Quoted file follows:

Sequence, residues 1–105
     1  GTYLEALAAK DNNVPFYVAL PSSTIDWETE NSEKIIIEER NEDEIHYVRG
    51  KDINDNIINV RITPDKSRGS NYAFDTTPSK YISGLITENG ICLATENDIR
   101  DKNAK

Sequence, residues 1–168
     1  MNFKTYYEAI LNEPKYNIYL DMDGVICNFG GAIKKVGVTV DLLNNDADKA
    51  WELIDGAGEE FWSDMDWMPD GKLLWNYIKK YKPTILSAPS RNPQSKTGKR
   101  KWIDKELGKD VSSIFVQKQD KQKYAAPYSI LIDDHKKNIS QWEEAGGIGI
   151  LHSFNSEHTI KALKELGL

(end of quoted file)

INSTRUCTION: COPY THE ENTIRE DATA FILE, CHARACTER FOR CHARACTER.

Sequence, residues 1–105
     1  GTYLEALAAK DNNVPFYVAL PSSTIDWETE NSEKIIIEER NEDEIHYVRG
    51  KDINDNIINV RITPDKSRGS NYAFDTTPSK YISGLITENG ICLATENDIR
   101  DKNAK

Sequence, residues 1–168
     1  MNFKTYYEAI LNEPKYNIYL DMDGVICNFG GAIKKVGVTV DLLNNDADKA
    51  WELIDGAGEE FWSDMDWMPD GKLLWNYIKK YKPTILSAPS RNPQSKTGKR
   101  KWIDKELGKD VSSIFVQKQD KQKYAAPYSI LIDDHKKNIS QWEEAGGIGI
   151  LHSFNSEHTI KALKELGL